Dear colleagues,

We are excited to chair the conference track – Dynamics, Change and Processes in International Business – at AIB 2024 in Seoul. As we all know, the world economy is experiencing unanticipated disruptions. The frequency and pace of changes in the global environment are at an unprecedented level and greatly influence the way firms are engaging in cross-border activities. Making sense of such contextual changes requires IB researchers to adopt research approaches suitable to theorizing dynamics and processes. However, the methodological difficulties involved in collecting and analysing longitudinal data as well as the dominant paradigmatic assumptions that portray dynamic processes as a special topic, rather than natural, everyday, features of the world, have created substantial challenges in advancing knowledge. Against this backdrop, we called for more research embracing dynamic processes as a central theme. IB researchers have responded to this call, and we received an exceptionally high number of submissions. We observed three key themes underlying these submissions as follows.

First, several submissions problematize and rethink central concepts in IB theories by adopting different paradigmatic assumptions. For example, in a panel discussion chaired by Eleanor Westney, panellists will give an interactive discussion on how IB scholars might gain insights from focusing on understanding change and stability at the industry level, rather than seeing industry primarily as a control variable in firm-level studies. By conducting a problematization review, Plakoyiannaki and colleagues (submission 747) uncover the dominant onto-epistemological assumptions that underpin conceptualisations of space in the IB literature, and call for “viewing space as a social product that simultaneously combines geography and history.” Continuing with the theme of space, Ritvala and colleagues (submission 876) bring attention to the materiality of space. By studying the physical HQ buildings, they show how these buildings “are like storytellers” that shape an MNE’s identity and visions of the future.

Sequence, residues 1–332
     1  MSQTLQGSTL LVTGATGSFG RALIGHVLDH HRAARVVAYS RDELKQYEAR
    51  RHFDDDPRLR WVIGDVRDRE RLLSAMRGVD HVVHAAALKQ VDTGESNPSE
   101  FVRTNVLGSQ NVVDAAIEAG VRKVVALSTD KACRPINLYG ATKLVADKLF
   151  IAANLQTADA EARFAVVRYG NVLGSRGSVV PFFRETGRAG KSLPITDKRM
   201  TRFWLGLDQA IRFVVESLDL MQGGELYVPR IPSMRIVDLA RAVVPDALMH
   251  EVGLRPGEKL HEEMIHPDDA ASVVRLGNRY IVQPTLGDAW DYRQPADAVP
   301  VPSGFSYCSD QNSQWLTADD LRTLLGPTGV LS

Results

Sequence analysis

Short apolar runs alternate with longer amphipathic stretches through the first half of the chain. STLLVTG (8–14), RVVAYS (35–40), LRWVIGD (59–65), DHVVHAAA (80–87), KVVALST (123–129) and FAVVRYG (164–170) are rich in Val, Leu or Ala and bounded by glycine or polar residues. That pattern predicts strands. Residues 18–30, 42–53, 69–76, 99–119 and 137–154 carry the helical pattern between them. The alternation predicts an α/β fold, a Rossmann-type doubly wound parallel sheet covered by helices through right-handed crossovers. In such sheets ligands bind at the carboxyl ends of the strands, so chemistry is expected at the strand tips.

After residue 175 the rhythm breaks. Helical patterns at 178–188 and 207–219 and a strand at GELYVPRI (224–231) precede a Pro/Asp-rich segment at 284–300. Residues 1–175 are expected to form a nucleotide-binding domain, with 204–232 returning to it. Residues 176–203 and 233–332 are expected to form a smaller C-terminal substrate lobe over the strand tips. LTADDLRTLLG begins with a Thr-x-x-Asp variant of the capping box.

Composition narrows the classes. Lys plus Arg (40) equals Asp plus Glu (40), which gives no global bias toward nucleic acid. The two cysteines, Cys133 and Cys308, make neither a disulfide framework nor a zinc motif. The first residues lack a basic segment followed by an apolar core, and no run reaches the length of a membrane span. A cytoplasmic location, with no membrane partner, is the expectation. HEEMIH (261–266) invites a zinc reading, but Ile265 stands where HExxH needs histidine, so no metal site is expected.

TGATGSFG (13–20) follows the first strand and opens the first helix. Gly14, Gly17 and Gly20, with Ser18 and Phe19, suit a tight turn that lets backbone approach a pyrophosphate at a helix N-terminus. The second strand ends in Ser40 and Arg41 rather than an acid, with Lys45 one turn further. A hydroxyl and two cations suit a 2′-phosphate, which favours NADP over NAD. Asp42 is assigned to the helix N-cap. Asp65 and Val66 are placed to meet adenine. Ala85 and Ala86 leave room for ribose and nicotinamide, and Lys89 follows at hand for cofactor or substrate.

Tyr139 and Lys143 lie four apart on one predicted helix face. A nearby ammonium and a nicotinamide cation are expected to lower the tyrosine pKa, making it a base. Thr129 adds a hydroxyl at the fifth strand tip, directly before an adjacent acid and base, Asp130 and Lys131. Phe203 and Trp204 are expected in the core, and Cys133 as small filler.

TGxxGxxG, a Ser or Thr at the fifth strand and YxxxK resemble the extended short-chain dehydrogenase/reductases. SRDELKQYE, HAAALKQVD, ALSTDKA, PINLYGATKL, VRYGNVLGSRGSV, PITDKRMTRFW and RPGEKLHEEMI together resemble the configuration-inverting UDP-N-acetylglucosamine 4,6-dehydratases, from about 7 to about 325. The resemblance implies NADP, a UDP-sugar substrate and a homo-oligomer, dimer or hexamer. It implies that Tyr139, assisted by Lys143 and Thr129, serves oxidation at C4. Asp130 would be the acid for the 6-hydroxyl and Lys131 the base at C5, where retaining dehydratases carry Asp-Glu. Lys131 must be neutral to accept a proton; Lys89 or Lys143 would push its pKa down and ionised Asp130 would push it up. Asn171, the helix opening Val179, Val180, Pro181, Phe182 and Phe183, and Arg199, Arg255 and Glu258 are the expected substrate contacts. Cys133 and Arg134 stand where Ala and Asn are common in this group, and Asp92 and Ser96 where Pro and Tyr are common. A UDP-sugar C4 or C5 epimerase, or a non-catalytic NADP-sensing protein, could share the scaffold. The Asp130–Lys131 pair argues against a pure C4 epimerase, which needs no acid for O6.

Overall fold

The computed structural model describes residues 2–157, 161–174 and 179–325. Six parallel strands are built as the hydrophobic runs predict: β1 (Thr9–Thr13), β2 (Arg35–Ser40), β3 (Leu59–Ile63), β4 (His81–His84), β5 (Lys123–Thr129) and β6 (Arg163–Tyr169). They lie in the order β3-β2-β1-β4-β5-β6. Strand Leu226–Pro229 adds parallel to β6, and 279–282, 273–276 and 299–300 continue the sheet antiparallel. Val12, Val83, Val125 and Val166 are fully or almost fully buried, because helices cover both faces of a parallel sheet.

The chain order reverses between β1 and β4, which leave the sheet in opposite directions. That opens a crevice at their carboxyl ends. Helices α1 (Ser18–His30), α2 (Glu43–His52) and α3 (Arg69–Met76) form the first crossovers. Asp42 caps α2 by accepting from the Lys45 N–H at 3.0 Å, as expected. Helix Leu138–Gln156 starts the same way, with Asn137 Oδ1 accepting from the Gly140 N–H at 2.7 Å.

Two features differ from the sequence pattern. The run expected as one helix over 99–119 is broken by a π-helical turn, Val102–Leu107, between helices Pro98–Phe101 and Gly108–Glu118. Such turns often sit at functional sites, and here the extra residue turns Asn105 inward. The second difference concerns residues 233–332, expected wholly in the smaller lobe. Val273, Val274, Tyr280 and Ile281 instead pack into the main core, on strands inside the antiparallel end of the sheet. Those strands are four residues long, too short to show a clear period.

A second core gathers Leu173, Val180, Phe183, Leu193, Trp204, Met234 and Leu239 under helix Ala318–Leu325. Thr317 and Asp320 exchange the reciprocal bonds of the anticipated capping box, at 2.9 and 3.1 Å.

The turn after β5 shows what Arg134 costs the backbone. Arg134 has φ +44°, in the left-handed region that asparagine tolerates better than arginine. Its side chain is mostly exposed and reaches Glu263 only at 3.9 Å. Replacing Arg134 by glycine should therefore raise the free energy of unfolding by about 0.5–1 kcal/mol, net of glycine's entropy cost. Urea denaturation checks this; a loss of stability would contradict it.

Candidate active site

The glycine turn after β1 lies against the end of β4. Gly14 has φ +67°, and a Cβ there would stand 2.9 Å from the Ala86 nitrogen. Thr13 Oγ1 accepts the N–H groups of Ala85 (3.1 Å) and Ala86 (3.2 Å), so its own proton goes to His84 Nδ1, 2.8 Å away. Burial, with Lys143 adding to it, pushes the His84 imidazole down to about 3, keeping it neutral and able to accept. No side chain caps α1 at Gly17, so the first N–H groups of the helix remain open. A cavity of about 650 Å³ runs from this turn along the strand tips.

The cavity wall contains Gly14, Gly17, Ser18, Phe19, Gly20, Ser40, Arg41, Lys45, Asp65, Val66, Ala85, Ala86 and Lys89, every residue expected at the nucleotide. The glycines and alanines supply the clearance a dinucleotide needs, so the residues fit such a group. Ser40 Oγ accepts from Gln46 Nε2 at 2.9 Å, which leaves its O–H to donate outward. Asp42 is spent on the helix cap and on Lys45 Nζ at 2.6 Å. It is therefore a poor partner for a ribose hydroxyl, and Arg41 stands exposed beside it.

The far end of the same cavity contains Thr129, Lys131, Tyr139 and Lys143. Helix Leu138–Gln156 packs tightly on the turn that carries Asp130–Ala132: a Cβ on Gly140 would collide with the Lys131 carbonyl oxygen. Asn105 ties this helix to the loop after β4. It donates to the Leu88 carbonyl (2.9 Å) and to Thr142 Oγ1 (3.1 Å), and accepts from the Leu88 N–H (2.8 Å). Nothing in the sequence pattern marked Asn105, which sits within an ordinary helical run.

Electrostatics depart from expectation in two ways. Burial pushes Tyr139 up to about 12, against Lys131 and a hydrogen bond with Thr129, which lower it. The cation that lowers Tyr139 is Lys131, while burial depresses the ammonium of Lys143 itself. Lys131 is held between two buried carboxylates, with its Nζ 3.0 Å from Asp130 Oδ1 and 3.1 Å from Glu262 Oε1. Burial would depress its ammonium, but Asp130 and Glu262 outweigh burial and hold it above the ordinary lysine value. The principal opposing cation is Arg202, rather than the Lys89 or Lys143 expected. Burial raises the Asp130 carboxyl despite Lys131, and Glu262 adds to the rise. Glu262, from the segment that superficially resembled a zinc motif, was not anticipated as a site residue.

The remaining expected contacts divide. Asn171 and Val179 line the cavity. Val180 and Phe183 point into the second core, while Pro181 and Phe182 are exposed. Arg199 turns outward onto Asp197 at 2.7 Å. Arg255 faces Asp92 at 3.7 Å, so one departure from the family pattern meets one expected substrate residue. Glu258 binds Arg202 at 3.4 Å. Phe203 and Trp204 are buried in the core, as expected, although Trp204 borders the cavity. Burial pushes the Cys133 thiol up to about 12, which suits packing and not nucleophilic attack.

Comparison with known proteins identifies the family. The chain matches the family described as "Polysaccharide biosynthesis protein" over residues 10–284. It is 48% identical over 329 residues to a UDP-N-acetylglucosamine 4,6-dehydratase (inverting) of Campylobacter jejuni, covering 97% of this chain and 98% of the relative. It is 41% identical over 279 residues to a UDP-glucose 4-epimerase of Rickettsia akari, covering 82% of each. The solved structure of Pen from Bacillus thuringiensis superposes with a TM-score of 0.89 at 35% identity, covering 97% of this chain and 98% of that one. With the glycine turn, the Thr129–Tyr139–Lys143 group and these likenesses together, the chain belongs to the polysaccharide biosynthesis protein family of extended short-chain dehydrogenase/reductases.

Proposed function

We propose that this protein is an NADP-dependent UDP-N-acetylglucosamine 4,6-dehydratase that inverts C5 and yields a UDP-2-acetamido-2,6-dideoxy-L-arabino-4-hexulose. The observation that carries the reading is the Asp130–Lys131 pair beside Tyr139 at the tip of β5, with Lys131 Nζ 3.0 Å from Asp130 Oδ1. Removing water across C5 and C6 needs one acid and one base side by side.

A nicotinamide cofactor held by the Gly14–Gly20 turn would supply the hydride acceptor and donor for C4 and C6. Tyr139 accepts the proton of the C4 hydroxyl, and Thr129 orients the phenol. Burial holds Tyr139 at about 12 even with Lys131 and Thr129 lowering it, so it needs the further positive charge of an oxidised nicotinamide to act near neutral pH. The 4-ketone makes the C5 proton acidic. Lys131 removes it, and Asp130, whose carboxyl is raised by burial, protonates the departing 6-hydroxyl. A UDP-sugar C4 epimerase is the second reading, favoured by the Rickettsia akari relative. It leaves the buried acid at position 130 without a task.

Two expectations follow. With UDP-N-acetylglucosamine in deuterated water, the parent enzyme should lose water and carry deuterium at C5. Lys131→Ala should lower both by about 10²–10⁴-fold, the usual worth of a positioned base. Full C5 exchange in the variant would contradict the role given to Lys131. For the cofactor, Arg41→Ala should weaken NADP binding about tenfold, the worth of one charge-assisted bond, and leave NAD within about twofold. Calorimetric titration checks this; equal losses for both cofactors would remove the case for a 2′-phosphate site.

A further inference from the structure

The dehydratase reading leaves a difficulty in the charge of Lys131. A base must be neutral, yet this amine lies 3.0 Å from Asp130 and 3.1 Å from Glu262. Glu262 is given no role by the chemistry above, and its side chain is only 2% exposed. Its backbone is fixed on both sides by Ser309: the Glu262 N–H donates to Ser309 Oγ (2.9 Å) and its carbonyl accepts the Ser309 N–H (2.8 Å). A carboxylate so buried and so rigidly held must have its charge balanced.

Second, several studies infuse dynamism in extant theories and/or take processual approaches to traditional IB topics. For example, Celo (submission 442) reconceptualises the MNE as a complex adaptive system, while Lagerström and colleagues (submission 1313) take a dialectical perspective to theorize the unfolding of the subsidiary initiative process.

Finally, several papers unveil the unfolding of IB phenomena over time by conducting longitudinal studies particularly with historical approaches. For example, Sammartino and colleagues (submission 1040) explore de-globalization in Australia during the period 1914-1979, showing the resilience of MNEs in the face of deglobalization. Teresa Da Silva Lopes and co-panellists will discuss how historical perspectives can contribute to understanding current geo-political fragmentation and provide theoretical and practical implications for IB research.

We have many more sessions that should stimulate our understanding of dynamics and processes pertinent to IB research. We hope that you participate in these sessions and share your insights and expertise.

Sincerely,
Ziad Elsahn & Jisun Yu
AIB 2024 Conference Track Co-Chairs